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The Disreputable History of Frankie Landau-Banks

The Disreputable History of Frankie Landau-Banks

by E. Lockhart

Trish

Character Analysis

Frankie's best friend and roommate, Trish is unfailingly sweet and helpful. But though she and Frankie are close, they both have very different views for how to handle the patriarchy and its confines. Trish's take is to just resign herself to the fact that it's a boy's world and retreat into what she likes to do:

Some, like Trish, will wonder what the point is, figure there probably is no point and never was one, and opt for typically feminine or domestic activities such as crumble-making, leaving whatever boyfriends they have to "hang with the guys." (13.48)

In this regard, she and Frankie just can't be on the same page. So when she finds out what Frankie did, she doesn't really get why she did any of it. Frankie feels like Trish doesn't think critically about her life, and about the implications of her actions. She just wants to be happy. She doesn't want to change anything, which is what Frankie's all about. Thankfully, that difference doesn't stop them from being good friends. No matter, what, Frankie can always count on Trish.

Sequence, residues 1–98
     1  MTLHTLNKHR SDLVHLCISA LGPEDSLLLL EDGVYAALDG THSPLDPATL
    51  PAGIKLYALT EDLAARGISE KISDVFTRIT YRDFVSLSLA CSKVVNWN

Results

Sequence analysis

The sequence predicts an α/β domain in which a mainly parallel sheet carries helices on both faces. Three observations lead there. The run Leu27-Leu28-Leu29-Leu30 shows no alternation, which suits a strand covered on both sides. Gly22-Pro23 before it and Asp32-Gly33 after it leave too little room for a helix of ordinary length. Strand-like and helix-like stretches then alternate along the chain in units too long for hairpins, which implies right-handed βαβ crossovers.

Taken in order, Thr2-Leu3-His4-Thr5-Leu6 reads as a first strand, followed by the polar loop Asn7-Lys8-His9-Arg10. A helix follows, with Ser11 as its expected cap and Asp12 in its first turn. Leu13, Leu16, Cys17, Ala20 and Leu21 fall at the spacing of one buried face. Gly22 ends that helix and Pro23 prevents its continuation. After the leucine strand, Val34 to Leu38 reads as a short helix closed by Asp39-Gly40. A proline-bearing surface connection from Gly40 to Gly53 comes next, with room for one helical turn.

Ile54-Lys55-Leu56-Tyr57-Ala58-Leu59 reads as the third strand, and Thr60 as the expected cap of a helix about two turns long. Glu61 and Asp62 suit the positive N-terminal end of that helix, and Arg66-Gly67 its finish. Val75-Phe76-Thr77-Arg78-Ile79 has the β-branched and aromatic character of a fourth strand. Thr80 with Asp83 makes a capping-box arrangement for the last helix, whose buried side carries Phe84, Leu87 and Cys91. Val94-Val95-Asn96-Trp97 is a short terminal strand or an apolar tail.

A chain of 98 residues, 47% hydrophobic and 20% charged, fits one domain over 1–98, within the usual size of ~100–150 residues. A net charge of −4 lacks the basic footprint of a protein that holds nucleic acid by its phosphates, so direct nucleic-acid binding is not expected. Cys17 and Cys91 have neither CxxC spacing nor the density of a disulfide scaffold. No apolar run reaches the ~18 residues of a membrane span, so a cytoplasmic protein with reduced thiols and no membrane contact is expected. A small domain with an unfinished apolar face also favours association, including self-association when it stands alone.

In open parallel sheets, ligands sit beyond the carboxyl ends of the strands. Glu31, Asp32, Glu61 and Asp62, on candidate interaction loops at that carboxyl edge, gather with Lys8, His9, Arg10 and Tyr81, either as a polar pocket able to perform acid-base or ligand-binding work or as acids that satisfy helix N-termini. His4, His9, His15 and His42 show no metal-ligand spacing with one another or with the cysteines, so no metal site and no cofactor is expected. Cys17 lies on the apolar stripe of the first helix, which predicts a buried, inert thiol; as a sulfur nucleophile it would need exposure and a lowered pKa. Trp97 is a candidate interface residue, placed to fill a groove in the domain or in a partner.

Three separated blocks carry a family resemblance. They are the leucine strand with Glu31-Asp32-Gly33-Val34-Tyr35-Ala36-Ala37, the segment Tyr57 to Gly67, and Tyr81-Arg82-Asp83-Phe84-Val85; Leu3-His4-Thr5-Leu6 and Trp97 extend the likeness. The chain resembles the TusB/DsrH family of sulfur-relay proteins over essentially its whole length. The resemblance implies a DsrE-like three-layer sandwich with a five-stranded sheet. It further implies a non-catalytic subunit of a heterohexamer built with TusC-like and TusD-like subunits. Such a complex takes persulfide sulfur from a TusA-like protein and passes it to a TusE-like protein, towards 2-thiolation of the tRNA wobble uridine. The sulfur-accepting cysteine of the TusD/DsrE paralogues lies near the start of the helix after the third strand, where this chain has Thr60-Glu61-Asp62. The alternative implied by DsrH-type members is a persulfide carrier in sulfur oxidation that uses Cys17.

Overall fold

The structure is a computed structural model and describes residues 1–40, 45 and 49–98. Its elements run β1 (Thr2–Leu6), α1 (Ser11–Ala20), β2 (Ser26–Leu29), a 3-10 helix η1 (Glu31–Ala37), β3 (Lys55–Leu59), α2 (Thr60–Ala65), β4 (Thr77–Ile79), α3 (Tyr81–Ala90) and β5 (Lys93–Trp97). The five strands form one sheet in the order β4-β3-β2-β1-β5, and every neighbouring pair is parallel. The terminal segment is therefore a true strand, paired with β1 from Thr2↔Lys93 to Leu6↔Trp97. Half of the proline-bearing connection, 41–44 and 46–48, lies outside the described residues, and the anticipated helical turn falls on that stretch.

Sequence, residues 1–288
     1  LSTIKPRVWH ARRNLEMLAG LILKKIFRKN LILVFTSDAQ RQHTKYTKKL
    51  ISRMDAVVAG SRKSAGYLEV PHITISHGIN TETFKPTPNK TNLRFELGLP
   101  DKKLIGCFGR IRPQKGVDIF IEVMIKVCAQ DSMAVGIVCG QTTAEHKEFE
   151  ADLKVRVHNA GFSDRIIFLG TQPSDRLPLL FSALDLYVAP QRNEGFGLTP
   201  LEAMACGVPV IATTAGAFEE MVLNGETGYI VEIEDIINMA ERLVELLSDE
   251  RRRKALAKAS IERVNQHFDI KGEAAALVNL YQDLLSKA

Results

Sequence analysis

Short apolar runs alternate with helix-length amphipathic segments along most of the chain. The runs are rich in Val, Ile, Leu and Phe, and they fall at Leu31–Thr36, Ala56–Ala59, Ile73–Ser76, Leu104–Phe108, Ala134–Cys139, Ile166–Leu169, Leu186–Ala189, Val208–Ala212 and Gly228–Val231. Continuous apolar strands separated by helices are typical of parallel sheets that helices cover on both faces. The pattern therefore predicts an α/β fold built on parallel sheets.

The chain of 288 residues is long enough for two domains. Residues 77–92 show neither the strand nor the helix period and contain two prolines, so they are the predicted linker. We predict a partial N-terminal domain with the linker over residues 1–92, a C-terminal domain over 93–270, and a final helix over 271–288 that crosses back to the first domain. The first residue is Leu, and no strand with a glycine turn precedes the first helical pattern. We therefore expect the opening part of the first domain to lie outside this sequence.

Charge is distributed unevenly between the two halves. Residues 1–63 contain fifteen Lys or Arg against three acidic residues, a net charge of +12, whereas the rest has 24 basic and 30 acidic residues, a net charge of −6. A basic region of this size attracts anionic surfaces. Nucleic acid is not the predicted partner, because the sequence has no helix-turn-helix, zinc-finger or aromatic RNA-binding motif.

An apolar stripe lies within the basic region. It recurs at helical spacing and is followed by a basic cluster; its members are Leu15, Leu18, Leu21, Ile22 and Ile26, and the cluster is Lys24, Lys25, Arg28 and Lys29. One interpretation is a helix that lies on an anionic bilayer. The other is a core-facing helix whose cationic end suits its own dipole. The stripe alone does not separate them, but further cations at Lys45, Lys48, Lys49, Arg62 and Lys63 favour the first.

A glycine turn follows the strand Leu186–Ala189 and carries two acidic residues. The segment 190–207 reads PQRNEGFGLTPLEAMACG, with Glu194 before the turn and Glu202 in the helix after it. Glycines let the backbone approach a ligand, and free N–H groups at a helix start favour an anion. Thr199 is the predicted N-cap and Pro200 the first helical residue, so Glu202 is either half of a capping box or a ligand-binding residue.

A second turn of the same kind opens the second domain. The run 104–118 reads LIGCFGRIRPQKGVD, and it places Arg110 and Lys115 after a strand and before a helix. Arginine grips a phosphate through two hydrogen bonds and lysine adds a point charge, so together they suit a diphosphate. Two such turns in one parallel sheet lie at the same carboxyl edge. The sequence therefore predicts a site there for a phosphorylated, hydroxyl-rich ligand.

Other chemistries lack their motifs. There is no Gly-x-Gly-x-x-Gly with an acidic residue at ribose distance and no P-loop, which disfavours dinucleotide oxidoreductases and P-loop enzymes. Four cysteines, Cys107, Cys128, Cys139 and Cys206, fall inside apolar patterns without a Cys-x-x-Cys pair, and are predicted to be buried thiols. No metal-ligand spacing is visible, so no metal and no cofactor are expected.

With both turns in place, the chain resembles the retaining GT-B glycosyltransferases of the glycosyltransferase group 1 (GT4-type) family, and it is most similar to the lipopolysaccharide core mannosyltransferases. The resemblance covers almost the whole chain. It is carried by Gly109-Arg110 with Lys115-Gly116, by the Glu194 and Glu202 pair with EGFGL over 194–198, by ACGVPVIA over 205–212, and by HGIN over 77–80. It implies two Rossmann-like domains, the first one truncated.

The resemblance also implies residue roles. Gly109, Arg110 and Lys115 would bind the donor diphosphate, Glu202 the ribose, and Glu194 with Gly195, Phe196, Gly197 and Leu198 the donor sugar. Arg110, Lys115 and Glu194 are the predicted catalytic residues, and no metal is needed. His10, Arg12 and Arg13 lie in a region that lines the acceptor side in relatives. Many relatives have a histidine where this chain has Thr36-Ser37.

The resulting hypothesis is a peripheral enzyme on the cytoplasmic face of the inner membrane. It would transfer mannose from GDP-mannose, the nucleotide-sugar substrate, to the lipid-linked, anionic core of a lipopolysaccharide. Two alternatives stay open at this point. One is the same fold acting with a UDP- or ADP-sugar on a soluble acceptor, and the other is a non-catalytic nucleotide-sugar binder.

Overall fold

Besties for the Resties

Even when Trish is angry with Frankie for not telling her what's going on, she doesn't turn her back on her. After Frankie bemoans that her arm hurts but she can't tell Trish why, and confesses that she's been a bad friend and hasn't told Trish everything, Trish still helps her out.

"I'm a bad friend," moaned Frankie, shivering with chill and pain. "I know it. I'm a horrible friend. I'm sorry. I just – I don't know how to be anything else right now."

Trish sighed. "Do you need some ice?" she asked after a minute. "I'll get you some ice from the machine in the basement." (42.50-51)

No matter what, Trish is still a loyal friend. She's always got Frankie's back, even when the chips are down and Frankie's being, well, weird.

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